Vasily Shukhayev

Born: 1887, Moscow
Died: 1973, Tbilisi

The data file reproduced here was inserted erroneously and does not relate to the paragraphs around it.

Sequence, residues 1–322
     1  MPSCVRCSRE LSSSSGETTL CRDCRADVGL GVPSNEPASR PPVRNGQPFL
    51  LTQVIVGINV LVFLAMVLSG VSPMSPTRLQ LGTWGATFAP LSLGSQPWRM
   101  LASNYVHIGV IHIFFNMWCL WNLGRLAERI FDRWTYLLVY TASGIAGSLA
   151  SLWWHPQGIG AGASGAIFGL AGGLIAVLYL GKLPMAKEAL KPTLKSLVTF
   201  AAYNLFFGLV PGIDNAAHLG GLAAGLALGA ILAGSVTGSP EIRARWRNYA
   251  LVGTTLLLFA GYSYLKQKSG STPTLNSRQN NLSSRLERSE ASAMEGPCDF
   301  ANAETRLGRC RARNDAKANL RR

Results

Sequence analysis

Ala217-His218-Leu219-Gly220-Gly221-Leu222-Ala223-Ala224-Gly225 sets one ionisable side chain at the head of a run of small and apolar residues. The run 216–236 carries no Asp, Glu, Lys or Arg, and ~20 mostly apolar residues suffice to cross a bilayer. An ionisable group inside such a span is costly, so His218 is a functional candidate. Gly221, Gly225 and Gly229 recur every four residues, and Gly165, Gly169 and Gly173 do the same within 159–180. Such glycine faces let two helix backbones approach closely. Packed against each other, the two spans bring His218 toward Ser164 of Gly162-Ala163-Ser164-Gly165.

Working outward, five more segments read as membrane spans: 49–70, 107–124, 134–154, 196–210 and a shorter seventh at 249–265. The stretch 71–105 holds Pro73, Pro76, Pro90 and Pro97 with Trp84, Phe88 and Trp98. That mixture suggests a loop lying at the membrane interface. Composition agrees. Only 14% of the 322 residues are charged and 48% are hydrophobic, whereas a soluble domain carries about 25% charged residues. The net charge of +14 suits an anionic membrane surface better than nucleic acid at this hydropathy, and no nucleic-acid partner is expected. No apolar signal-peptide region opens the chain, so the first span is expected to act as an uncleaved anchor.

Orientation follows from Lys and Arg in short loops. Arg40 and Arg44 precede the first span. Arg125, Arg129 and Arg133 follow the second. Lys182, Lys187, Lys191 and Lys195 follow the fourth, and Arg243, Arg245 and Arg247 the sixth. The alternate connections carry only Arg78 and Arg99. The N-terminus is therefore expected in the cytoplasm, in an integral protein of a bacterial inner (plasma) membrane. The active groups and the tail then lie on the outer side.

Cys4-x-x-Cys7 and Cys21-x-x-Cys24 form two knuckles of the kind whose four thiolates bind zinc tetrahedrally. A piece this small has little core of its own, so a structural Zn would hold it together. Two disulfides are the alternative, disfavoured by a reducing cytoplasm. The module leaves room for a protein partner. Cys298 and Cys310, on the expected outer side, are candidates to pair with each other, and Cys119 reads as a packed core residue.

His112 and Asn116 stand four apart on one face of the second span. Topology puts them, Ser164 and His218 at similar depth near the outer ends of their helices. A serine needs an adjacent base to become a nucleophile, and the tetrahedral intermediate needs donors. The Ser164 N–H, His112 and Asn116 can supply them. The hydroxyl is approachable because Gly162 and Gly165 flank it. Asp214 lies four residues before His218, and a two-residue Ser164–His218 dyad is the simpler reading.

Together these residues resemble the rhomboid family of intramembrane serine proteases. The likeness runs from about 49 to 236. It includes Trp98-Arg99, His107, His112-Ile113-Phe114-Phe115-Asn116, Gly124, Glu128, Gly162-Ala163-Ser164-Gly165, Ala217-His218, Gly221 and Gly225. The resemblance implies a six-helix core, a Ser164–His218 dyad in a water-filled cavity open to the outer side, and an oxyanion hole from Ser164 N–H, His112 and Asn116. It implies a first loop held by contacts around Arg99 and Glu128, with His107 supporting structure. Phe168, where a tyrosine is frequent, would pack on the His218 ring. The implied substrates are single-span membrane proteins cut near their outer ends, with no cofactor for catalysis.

Painter, graphic artist, theatrical designer, film designer, decorator, teacher. Born in Moscow in the family of a cobbler called Ivan Shukhayev (1887). Studied under Ignaty Nivinsky, Stanislaw-Witold Noakowski and Konstantin Korovin at the Stroganov School of Art and Industry in Moscow (1897–1905), in the studios of Samuel Dudin, Nikolai Gerardov, Valentin Bystrenin and Alexander Skalon in St Petersburg (1906) and under Dmitry Kardovsky, Vasily Savinsky, Hugo Salemann and Jan Ciagli?skj at the Imperial Academy of Arts (1906–12), where he met Alexander Yakovlev, who became his lifelong friend and collaborator. Performed in Vsyevolod Meyerhold’s productions of such pantomimes as Columbine’s Scarf (based on Arthur Schnitzler’s Der Schleier der Pierette) at the House of Interludes (1910), Vladimir Solovyov’s Harlequin the Marriage Broker at the Assembly Hall of the Nobility (1911) and Claude Debussy’s Les amoureux at the house of Nikolai Karabchevsky (1912). Married fellow Academy student Elena Yezhova (1911). Awarded a scholarship by the Society for the Encouragement of Young Artists in Rome (1912) and lived and worked in Italy (1913–14). Painted frescoes for Alexei Schusyev’s Russian Orthodox church of St Nicholas at 130 Corso Benedetto Croce in Bari (1913). Visited Capri with Alexander Yakovlev, where they painted a double self-portrait depicting Shukhayev as Pierrot and Yakovlev as Harlequin in costumes designed by Nikolai Sapunov (1914, completed in 1962). Returned to Petrograd following the outbreak of the First World War (1914). Drew portraits of officers and soldiers of the Uhlan Life Guards Regiment (1915) and the 4th Mariupole Hussar Regiment (1916). Invited to decorate the waiting room of the Kazan Railway Station in Moscow (1915–16). Taught at the Bagayeva Courses of Architecture for Women (1915–16), New Art Studio (1915–17), former Baron Stieglitz Central School of Technical Drawing (1917–18) and the Academy of Arts/Petrograd State Free Art Studios (1918–20). Copied Dionysius’s frescoes at the St Therapontus Monastery of the Nativity of the Virgin (1916) and painted a plafond in Vera Firsanova’s mansion in Moscow (1916). Member of the World of Art (1917), founding member of the Guild of St Luke (1917). Decorated the Lieutenant Schmidt Bridge on the first anniversary of the Bolshevik revolution (1918). Designed the sets and costumes for a performance of Richard Wagner’s opera Das Rheingold at the People’s House (1918) and Konstantin Miklashevsky’s comedy The Four Lady-Killers at the Maly Theatre of Drama (1919). Divorced his first wife and married the artist Vera Gvozdeva (1919). Emigrated to Finland by walking across the frozen sea from Russia to Kuokkala with Jean Pougny and Xenia Boguslavskaya (1920). Settled in the village of Mustamäki on the Karelian Isthmus and applied for a French visa (1920–21). Moved to Paris (1921), where he signed his works “Vassili Choukhaeff” (1921–35). Taught alongside Alexander Yakovlev in their studio at 17 Rue Campagne-Première in Montparnasse (1921–30), Russian Institute of Art and Industry at 12 Rue Victorien Sardou (1926–30) and Tatyana Sukhotina-Tolstaya’s Académie Russe at 11 Rue Jules-Chaplain (1929–30). Illustrated books for Jacques Schiffrin’s Éditions de la Pléiade, including Alexander Pushkin’s The Queen of Spades (1922) and Boris Godunov (1925), Ivan Turgenev’s First Love (1924), Nikolai Gogol’s Petersburg Tales (1925), Nikolai Leskov’s The Enchanted Wanderer (1925), Mikhail Lermontov’s A Hero of Our Time (1926), Anton Chekhov’s A Dreary Story (1926) and Alfred de Musset’s Les deux maîtresses (1928), designed the covers of Heinrich Heine’s Florentinische Nächte (1925) and Zinovi Pechkoff’s La Légion étrangère au Maroc (1927). Designed the costumes for such films as Victor Tourjansky’s Le chant de l’amour triomphant (1923) and Jacques Feyder’s Carmen (1926) and the sets for performances of Nikita Balieff’s Théâtre de la Chauve-Souris, including La puce after Nikolai Leskov (1924) and Nikita Balieff’s Le roi a fait battre tambour (1924–25). Decorated Felix Yussupov’s Russian restaurant at 38 Rue du Mont-Thabor and private concert hall on Rue Pergolese (1925). Painted portraits of Alexander Yakovlev (1927), Sergei Prokofiev (1932), Igor Stravinsky (1934) and Fyodor Chaliapin (1934). Travelled across the south of France and Corsica (1928–29), visited Spain and Morocco (1930). Drew caricatures of Mustafa Kemal Atatürk, Paul von Hindenburg, Adolf Hitler, Franz von Papen, Maxim Gorky, George Bernard Shaw and Gabriele d’Annunzio for Vanity Fair (1932–33). Designed the sets for Ida Rubinstein’s production of Mikhail Fokine’s ballet Sémiramis at the Opéra de Paris (1934). Returned to Leningrad (1935), where he taught at his own studio in the Institute of Painting, Sculpture and Architecture (1935–37). Worked on the interior decor of the Lenin Library (1935), Moscow Hotel (1935) and Gorky Park in Moscow (1935). Designed the sets for productions of Alexander Pushkin’s play The Stone Guest at the Bolshoi Theatre of Drama in Leningrad (1935), Giuseppe Verdi’s opera Luisa Miller at the Kirov Theatre of Opera and Ballet in Leningrad (1936), Konstantin Trenyov’s play Pugachovschina at the Russian Theatre of Drama in Kiev (1936) and Maurice Maeterlinck’s play L’Oiseau bleu for the Kiev Theatre of the Young Viewer (1936). Accused of espionage and sentenced to eight years in corrective labour camps (1937). Felled trees in Kolyma (1937–39) and repaired engines at a motor depot in Nagayev Bay (1939). Transferred to Magadan (1940–45). Released from prison (1945) and worked at the Magadan Regional Theatre of Music and Drama (1945–47), where he designed the sets and costumes for productions of John Fletcher and Philip Massinger’s The Spanish Curate (1945), Dmitry Lensky’s Lev Gurych Sinichkin after Emmanuel Théaulon and Jean-François Bayard’s Le Père de la débutante (1945), William Shakespeare’s Othello (1946), Alexander Pushkin’s The Stone Guest (1946), Alexander Ostrovsky and Nikolai Solovyov’s The Marriage of Belugin (1947), Eugène Scribe’s Le Verre d’eau (1947) and Carlo Goldoni’s La locandiera (1947). Granted permission to move to Tbilisi (1947), where he taught drawing at the Georgian Academy of Arts (1947–73, professor from 1948) and designed sets and costumes for the Kote Marjanishvili Theatre of Drama (1947–48). Rearrested and imprisoned for two months (1948). Painted portraits of Svyatoslav Richter (1951) and Stanislav Neuhaus (1967). Wrote autobiographical notes (1960s) and illustrated Ivan Turgenev’s Asya (1973). Died and buried in Tbilisi (1973). Contributed to exhibitions (from 1906). Contributed to the exhibitions of the Imperial Academy of Arts (1909, 1911, 1912), Exhibition of Paintings and Sculptures by Russian Artists in Aid of Belgian Refugees at the Galerie Lemercier in Moscow (1915), New Society of Artists (1914–15, 1917), World of Art (1918), First State Free Exhibition of Works of Art at the former Winter Palace (1919), Exposition des artistes russes à Paris organisée par les membres et exposants de la Société Mir isskousstva (1921, 1927, 1928, 1930), Exhibition of Modern French Art at the Tretyakov Gallery in Moscow (1928), exhibitions of Russian art in London (1921), Paris (1921, 1929, 1932), New York (1923, 1924), The Hague (1924), Brussels (1928), Birmingham (1928), Copenhagen (1929), Sydney (1929), Berlin (1930), Belgrade (1930) and Prague (1935), international exhibitions in Rome (1924), Pittsburgh (1924–28), New York (1925, 1926, 1928), Dresden (1926) and Munich (1926) and one-man shows in Petrograd/Leningrad/St Petersburg (1914, 1936, 1962–63, 1968, 1977, 1988, 2006), Paris (1921, 1922, 1924, 1929), Moscow (1936, 1958, 1994) and Tbilisi (1954, 1962, 1971, 2008). Honoured Artist of Georgia (1962).